Ashley Falls — It looks like Route 7A in Sheffield is finally getting back to the old normal. The new normal for much of the 2010s was that the road was effectively closed to through traffic.
That changed Wednesday when the bridge over the Housatonic River reopened after being closed for repairs for the past six years. Previous to that and only a few hundred yards to the south, the overpass bridge that spans the Housatonic Railroad tracks had been closed for several years.
Just after the bridge spanning the tracks was reopened in 2014, the bridge over the Housatonic was closed that August by the state Department of Transportation. The latter project concluded Wednesday when MassDOT finally and officially reopened it. The railroad bridge that parallels that Housatonic River bridge was not part of the project. Now Route 7A is finally back to normal after almost 10 years.
In her announcement, MassDOT spokesperson Judith Riley said MassDOT had at some point “expedited” the bridge replacement project and work began in November 2018. The work included the replacement of the foundations, beams, deck, railings and approaches to the superstructure. The cost of the bridge rehabilitation project was more than $2.5 million and the contractor was J.H. Maxymillian, the Pittsfield-based company that also carried out Great Barrington’s Main Street reconstruction project.
Why did it take six years for the state to finish the bridge over the river? The Edge asked that question of Riley, who said she would try to find the answer. The Edge had not heard back from her by publication time but if we do, this story will be updated.
“I inquired about it,” said Bob Kilmer, a member of the board of selectmen and a dairy farmer in Ashley Falls. “My understanding is it was just budgetary.”
Kilmer said there has been some frustration over the two closures on the part of residents who use Route 7A, known locally as Ashley Falls Road, but traffic over both bridges is light. Indeed, this reporter spent 10 minutes at the bridges at midday Thursday and encountered only one vehicle.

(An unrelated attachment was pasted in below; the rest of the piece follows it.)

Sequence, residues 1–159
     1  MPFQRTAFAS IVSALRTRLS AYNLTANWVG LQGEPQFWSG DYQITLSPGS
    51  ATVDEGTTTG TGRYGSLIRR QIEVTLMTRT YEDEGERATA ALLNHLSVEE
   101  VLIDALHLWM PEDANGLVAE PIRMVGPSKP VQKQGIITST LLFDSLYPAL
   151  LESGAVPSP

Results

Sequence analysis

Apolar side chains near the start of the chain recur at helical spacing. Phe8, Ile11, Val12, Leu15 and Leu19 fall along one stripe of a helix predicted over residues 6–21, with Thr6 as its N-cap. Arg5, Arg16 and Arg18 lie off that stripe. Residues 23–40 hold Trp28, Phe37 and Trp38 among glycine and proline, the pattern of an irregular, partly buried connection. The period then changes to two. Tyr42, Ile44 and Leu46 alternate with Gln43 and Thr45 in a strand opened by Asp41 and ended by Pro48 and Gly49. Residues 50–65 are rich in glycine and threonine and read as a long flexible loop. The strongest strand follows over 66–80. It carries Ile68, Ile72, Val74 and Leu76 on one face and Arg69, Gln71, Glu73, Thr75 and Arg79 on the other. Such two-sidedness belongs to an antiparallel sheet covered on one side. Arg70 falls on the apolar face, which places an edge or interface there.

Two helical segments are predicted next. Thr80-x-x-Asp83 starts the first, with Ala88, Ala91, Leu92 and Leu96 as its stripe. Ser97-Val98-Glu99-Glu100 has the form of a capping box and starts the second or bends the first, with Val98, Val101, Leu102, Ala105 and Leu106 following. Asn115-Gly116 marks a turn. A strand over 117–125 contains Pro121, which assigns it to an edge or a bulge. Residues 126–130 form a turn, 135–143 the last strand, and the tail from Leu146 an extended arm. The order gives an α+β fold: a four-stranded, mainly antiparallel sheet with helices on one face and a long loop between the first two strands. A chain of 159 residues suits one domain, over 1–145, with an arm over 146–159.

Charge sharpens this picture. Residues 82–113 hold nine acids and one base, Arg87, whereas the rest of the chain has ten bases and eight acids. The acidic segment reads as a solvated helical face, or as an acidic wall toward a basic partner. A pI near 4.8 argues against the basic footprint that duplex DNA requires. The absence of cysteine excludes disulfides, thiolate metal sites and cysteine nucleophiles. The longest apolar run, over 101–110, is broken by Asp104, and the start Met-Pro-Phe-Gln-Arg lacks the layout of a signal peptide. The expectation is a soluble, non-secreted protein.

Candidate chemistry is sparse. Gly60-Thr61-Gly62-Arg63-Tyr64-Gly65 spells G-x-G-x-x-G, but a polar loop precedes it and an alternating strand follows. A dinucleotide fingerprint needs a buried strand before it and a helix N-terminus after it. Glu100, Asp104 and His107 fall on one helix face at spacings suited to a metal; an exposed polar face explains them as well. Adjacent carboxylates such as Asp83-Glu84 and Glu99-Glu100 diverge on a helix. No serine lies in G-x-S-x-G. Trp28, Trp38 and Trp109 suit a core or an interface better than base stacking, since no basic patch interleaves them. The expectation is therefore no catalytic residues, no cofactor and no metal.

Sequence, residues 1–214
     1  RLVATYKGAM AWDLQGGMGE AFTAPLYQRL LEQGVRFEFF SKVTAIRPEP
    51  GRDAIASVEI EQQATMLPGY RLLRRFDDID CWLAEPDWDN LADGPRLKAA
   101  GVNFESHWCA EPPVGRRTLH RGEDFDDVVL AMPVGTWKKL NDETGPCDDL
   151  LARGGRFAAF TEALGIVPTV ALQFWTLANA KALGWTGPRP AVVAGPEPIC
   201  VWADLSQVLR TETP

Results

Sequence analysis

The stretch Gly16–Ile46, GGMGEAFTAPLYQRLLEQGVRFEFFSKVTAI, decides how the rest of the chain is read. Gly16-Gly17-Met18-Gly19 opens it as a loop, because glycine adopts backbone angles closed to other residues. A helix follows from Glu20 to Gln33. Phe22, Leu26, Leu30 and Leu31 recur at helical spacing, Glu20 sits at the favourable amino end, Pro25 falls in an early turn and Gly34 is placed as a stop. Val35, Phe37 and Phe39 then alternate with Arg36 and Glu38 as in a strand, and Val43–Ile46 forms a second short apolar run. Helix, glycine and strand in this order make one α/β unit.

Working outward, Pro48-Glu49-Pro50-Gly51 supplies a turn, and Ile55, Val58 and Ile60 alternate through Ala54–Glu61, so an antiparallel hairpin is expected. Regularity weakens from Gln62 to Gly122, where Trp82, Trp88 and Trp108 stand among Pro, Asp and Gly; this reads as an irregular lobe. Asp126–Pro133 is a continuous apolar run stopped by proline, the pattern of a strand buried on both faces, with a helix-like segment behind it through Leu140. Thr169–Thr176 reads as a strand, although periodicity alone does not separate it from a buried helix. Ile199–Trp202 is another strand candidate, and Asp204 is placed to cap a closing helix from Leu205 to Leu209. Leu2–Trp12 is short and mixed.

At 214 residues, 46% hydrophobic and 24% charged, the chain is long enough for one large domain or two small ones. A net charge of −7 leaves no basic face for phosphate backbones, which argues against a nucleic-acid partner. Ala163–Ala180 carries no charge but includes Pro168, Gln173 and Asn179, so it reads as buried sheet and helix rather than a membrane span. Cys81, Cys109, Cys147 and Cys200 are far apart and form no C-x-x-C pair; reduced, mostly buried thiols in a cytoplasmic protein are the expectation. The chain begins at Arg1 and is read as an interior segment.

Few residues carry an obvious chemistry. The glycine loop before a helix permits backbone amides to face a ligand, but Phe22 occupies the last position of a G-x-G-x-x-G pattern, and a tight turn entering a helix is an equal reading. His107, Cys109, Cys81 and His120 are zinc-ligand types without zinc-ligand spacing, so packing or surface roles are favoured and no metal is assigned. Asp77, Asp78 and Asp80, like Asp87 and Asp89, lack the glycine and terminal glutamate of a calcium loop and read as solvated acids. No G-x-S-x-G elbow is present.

Kilmer said he’s not sure how many people know the entire length of the road is now open, from where 7A connects with Route 7 just south of the former Sunrise Diner to where it reconnects with Route 7 just over the state line near the Connecticut State Police barracks in Canaan.
Workarounds were not difficult during the eight or so years while Route 7A was impassable, Kilmer said. Detours were marked on Route 7 and in Ashley Falls itself. However, if an accident closed Route 7, detours became tricky.
Rene Wood, who chairs the Sheffield board of selectmen, said she was relieved the Route 7A projects were complete, and pointed to other projects MassDOT had completed or was working on currently.
“They took forever, but who’s counting?,” Wood said of the MassDOT Route 7A bridge replacements. “They have put so much money into Sheffield.”
Wood noted other projects, such as the resurfacing of Route 7 several years ago and the $2 million repaving of Route 41 from the intersection with Route 23 in South Egremont all the way through western portions of Sheffield to the Connecticut line in summer 2016.
Last month, MassDOT started a $3.2 million construction project on the bridge spanning the Schenob Brook on Berkshire School Road. A detour has been set up using Miller Avenue and Bears Den Road. That project is scheduled to be completed later this fall, according to MassDOT records.
Of the now-freely flowing Route 7A, Wood said, “I’m really looking forward to driving through it. It’s been forever.”